"Uniqueness of Equilibrium Payoffs in the Stochastic Model of Bargaining" Economics Letters, 2020
I provide a sufficient condition for the uniqueness of equilibrium payoffs in a model of stochastic bargaining with unanimity rule and risk-averse players. My Condition (S) implies Condition (C) of Merlo and Wilson (1995) and is easy to verify in applications.
"Legislative and Multilateral Bargaining" (with Hülya Eraslan) Annual Review of Economics, 2019
This review of the theoretical literature on legislative and multilateral bargaining begins with presentation of the seminal Baron-Ferejohn model. The review then encompasses the extensions to bargaining among asymmetric players in terms of bargaining power, voting weights, and time and risk preferences; spatial bargaining; bargaining over a stochastic surplus; bargaining over public goods; legislative bargaining with alternative bargaining protocols in which players make demands, compete for recognition, or make counterproposals; and legislative bargaining with cheap talk communication.
I generalize the distributive model of legislative bargaining with a random selection of proposers by allowing the surplus generated by coalitions to depend on the membership and the proposer. I also allow coalitions to increase their surplus by recruiting additional members, which creates incentives to form oversized coalitions. This model applies to the formation of teams lead by leaders, e.g., coalitional governments formed around prime ministers in parliamentary democracies. I prove that a stationary subgame perfect equilibrium exists and the set of equilibrium expected payoff vectors is upper hemicontinuous in player characteristics. When the surplus does not depend on the proposer's identity, the vector of expected payoffs is unique and continuous. I show that heterogeneity in the ability of players to generate surplus in otherwise symmetric environments leads to asymmetric bargaining prospects. More productive players have higher expected payoffs despite being recruited more often by others. Bargaining outcomes are equal and efficient when productivity is sufficiently homogeneous, while the effects of increasing heterogeneity depend on how skewed the distribution of productivity is. When players become arbitrarily patient, bargaining outcomes are equitable and efficient, but not necessarily equal. Finally, an increase in required quota promotes equality but leads to less equitable outcomes.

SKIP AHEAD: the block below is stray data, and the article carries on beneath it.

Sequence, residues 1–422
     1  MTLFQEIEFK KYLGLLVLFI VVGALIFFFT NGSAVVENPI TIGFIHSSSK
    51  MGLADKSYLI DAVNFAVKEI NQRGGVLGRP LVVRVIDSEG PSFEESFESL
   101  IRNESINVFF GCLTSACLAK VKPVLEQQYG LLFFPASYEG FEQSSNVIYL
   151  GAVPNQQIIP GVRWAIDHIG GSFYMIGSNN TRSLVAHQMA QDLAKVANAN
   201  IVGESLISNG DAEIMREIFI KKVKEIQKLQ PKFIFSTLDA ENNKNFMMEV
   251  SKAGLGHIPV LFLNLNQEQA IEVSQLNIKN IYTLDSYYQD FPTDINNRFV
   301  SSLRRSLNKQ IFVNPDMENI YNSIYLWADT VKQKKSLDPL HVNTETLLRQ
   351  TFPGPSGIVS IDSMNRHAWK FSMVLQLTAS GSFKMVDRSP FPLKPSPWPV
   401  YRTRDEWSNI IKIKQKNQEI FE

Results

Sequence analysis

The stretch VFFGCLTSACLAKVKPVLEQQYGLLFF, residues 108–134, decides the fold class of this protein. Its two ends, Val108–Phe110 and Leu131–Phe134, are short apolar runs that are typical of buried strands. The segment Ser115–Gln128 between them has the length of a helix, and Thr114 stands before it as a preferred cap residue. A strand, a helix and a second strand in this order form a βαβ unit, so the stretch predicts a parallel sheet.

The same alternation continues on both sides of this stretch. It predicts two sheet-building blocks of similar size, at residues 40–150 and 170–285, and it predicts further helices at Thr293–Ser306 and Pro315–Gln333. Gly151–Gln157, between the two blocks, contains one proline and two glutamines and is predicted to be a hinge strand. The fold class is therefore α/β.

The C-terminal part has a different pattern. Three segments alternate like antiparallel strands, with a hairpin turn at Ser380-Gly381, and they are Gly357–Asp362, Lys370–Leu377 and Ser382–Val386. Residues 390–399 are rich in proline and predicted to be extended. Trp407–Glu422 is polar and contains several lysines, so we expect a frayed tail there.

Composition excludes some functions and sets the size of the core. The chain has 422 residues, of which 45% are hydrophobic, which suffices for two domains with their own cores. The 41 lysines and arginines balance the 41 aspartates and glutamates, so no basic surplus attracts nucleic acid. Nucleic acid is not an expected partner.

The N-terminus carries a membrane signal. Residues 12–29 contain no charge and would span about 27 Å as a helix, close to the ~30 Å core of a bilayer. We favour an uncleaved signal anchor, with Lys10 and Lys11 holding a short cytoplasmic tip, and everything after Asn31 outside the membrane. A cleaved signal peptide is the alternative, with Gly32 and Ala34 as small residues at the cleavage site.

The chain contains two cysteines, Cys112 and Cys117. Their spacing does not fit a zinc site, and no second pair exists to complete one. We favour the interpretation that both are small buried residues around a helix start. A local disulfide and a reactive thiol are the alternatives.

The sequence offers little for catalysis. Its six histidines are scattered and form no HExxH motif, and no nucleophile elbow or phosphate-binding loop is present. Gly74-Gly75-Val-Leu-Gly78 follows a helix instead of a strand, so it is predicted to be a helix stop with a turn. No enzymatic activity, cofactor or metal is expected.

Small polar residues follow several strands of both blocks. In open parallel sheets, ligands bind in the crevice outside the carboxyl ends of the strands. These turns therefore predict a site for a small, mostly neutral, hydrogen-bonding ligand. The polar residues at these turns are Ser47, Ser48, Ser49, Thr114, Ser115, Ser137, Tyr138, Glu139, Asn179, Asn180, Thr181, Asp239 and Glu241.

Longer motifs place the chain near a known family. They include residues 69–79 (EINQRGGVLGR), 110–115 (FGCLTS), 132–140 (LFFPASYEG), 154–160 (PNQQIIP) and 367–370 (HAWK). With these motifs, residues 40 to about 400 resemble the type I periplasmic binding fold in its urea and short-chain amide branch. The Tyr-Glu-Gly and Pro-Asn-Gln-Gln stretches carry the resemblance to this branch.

"Information Aggregation with Monopoly Agenda Control" draft coming soon
In a framework similar to Dubra (2011), I prove that any two of the following properties imply the third: Double Mixture Continuity, Archimedean, and Completeness. A stronger version of the continuity axiom, employed by several authors, allows me to do so without assuming Independence.